One of the most amusing things to observe this holiday season is the non-stop hurdles people go through to buy those hard-to-find gifts. Never mind the new Wii system, what's relevant here are the seemingly non-existent TMX Elmo dolls that is the supposed hot toy for infants, toddlers and preschoolers. Who can't get a kick out of reading the reports of people waiting in line before dawn for the stores to open only to find out the store's inventory was woefully inadequate for the Elmo dolls? Meaning they waited in vain. It's easy to sense the disappointment shopping parents feel in seeing the rows of other Elmo toys but not the TMX Elmo. Their babies just had to have it. That is just the epitome of the shopping madness. All too often parents have this need to get the latest and the best toy for their developing babies. And the manufacturers are all too eager to sell their goods as the best thing ever invented to help develop a young mind.
Well after observing my child's recent birthday celebration, I am now convinced not to give in to that insanity. Sure my child loves Elmo but I doubt he'll discern one Elmo doll from the next. In fact, I know he cannot. Elmo is Elmo no matter what. What he is attracted to is the character's very bright red color. For instance, I purchased that giggling Elmo chair and he doesn't even use it to sit on, never mind that as a one year old he doesn't grasp the concept of a chair (though he can sit up). To him it was just a toy to chew on and toss around his play pen. My spouse and I spoke to a sales associate at a toy store last month and asked about the TMX Elmo out of curiosity. She told us that only a handful were released during the summer and that toy company's purposely hold back production to create demand when the potential for profit is the greatest. That happens to be during the holidays. By the way, she put aside one of the TMX Elmos for her infant nephew only to find out that he was terrified of it.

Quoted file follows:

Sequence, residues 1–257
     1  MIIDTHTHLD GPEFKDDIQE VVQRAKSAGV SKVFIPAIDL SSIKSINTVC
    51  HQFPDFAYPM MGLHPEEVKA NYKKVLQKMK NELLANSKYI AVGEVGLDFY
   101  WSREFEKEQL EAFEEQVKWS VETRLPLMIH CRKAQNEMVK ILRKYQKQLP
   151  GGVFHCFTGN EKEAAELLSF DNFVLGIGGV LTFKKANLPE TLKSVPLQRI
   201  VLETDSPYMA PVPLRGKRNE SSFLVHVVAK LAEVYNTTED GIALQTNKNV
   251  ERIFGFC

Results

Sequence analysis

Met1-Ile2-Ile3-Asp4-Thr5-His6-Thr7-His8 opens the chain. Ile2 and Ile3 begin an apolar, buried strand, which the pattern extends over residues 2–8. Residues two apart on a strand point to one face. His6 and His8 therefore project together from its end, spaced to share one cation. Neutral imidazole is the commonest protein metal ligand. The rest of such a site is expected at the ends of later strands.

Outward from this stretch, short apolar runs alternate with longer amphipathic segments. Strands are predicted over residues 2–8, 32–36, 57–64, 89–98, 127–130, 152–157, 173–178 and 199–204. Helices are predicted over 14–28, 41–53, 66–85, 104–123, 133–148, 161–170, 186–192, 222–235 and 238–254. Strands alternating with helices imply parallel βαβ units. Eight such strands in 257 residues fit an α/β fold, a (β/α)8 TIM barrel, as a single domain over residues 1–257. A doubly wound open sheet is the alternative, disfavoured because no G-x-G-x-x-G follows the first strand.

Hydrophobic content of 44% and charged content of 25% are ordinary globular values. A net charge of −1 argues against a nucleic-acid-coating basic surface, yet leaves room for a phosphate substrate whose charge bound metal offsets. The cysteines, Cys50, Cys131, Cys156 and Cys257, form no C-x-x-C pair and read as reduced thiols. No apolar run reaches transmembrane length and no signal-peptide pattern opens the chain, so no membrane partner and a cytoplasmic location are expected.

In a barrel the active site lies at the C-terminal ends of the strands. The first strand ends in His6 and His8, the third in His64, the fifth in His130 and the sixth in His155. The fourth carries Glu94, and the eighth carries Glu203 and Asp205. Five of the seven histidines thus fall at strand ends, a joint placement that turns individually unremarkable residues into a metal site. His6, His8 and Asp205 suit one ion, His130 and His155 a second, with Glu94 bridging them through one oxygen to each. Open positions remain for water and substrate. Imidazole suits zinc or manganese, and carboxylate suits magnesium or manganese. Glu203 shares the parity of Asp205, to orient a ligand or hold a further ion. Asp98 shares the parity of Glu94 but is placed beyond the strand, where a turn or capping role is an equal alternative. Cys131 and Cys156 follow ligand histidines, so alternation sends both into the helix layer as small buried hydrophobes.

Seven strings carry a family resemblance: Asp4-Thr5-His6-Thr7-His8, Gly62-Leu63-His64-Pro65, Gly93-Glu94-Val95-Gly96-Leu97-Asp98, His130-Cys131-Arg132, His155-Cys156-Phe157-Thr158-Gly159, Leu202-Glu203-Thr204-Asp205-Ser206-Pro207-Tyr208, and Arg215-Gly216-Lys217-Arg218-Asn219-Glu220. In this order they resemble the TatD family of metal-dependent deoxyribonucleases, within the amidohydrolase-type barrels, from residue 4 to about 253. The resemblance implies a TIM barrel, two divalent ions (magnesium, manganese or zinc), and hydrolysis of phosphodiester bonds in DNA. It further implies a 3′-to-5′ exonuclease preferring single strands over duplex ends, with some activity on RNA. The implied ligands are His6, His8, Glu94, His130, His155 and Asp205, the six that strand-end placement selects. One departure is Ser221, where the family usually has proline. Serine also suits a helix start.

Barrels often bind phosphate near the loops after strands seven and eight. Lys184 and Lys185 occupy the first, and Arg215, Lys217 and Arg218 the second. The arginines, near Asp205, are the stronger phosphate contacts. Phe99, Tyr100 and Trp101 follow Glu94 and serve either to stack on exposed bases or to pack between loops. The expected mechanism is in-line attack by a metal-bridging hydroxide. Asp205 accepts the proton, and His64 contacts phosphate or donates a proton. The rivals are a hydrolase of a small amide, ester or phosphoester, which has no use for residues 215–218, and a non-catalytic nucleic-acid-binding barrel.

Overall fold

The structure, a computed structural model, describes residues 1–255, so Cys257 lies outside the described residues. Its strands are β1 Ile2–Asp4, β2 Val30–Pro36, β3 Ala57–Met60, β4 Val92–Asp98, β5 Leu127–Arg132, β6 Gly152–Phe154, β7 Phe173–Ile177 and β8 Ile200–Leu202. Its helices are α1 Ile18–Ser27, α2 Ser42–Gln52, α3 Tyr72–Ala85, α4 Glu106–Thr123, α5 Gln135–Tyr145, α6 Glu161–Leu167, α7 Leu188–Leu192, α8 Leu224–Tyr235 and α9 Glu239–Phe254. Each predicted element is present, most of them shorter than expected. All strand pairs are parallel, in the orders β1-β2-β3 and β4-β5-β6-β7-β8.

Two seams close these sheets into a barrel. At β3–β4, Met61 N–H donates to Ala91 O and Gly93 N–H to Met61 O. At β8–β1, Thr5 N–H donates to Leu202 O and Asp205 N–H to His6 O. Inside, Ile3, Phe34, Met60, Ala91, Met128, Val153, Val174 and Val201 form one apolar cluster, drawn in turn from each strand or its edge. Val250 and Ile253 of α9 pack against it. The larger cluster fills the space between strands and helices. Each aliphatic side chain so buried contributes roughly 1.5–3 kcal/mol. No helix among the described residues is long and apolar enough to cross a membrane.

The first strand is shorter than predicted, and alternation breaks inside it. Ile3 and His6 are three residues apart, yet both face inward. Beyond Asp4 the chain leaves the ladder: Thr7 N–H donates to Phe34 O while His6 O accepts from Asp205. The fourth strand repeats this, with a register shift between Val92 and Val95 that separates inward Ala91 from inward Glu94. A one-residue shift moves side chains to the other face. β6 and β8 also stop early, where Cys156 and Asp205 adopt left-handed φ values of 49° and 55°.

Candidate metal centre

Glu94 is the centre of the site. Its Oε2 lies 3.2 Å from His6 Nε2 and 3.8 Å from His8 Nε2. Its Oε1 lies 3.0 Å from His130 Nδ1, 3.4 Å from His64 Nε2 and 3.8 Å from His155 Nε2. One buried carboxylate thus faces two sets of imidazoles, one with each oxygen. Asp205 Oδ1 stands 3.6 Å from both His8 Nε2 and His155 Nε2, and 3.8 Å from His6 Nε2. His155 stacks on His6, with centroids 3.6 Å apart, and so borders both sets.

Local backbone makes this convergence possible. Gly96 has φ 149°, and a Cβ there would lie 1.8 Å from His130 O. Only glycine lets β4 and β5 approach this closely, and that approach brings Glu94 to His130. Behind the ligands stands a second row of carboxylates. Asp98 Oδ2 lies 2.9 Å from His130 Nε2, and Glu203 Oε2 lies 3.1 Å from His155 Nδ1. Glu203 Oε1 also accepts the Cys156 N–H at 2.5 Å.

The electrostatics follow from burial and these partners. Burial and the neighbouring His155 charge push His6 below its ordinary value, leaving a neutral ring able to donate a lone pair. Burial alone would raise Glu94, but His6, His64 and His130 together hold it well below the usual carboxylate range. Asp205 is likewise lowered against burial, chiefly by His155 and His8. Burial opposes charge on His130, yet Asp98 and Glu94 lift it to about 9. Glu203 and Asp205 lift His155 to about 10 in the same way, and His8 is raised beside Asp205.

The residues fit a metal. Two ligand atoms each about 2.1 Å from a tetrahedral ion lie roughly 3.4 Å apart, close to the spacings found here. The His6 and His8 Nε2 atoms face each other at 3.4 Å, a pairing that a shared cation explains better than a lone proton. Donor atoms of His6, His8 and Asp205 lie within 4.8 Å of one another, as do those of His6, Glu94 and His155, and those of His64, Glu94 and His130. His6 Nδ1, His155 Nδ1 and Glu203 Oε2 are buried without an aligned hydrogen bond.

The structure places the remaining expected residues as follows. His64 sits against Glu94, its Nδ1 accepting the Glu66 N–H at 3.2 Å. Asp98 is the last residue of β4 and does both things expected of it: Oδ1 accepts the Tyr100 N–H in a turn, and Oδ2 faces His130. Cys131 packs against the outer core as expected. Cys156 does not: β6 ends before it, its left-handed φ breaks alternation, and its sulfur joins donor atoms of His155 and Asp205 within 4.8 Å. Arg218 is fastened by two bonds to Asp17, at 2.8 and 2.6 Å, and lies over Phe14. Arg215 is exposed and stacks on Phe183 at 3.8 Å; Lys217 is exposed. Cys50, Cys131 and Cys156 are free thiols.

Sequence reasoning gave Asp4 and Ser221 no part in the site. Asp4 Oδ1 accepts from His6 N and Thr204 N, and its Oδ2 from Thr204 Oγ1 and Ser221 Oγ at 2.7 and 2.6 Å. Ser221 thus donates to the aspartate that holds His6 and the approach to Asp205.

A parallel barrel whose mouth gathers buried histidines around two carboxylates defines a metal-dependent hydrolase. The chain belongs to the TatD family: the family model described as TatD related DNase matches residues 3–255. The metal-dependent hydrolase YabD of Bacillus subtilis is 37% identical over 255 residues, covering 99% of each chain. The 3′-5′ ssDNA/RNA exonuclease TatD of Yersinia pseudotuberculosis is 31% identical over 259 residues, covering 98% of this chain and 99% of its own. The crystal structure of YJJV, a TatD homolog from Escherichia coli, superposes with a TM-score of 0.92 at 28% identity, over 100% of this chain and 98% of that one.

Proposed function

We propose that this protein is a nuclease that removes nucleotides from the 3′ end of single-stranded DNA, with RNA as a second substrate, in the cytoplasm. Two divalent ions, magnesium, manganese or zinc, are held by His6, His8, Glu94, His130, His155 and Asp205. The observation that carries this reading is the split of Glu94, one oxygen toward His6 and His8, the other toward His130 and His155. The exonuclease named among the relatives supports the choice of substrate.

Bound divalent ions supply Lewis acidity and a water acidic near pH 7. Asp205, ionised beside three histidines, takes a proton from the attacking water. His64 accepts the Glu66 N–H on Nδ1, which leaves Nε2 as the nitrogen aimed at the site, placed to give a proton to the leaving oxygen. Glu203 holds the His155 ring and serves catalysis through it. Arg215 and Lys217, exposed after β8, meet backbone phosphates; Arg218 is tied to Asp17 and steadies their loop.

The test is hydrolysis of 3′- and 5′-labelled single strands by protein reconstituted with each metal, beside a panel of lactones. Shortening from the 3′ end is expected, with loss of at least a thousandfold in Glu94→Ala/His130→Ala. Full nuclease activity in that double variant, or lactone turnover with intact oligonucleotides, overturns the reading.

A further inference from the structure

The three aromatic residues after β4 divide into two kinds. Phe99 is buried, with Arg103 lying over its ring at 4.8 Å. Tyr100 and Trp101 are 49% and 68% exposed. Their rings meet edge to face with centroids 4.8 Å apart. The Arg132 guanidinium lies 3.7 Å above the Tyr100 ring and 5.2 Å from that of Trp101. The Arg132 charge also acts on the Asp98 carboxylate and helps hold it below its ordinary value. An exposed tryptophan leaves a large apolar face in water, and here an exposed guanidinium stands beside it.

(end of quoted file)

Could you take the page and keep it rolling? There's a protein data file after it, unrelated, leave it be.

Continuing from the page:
But it isn't just the Elmo toys, my spouse and I bought a few large gifts for our child's birthday and the holidays. After seeing his reaction to the few large gifts he received on his birthday and what happened the day after, I stand by this observation. Parents are better off not giving expensive toys to their infants and letting them play with the wrapping paper instead.
This does not mean I'm advocating that babies be allowed to play with potentially harmful objects like plastic bags. No but if the baby is properly supervised it's fine to let him or her play with a good sturdy box that is colorful. Many kinds of containers make for interesting toys and they can be modified to be as such. I took a cardboard cylinder used for popcorn, cleaned it well, sealed the top and voila a little drum for my infant to bang his palms on. As long as the object is safe and colorful and noisy it will keep your infant's attention for quite a while. I have not done any research on this but I think these kind of makeshift toys are good for the imagination. If this does not make you comfortable then try making toys for your baby. The time spent on crafting them makes for a wonderful experience that is enriched by your child's enjoyment. Also do not be afraid to get an inexpensive toy from a ninety-nine-cents store, those toys can be just as good as the so-called hot thing that honestly your child will not care about.
The morale of this story? Save the bucks for something more meaningful like a trust fund or a college education, those will last longer. It's okay to give a few toys and such but do not go overboard and besides this constant showering of abundant toys will probably just spoil your child and it's so easy to get into the habit when your children are so young and impressionable. Think about that before letting guilt drive you into spending hundreds online for the latest Elmo toy.
And for those who want to get something for a relative or friend's baby, contribute to a trust fund because let's face it; babies outgrow clothes overnight and toys will go either way in attaining an infant's (or older child's) interest. - - J.L. Soto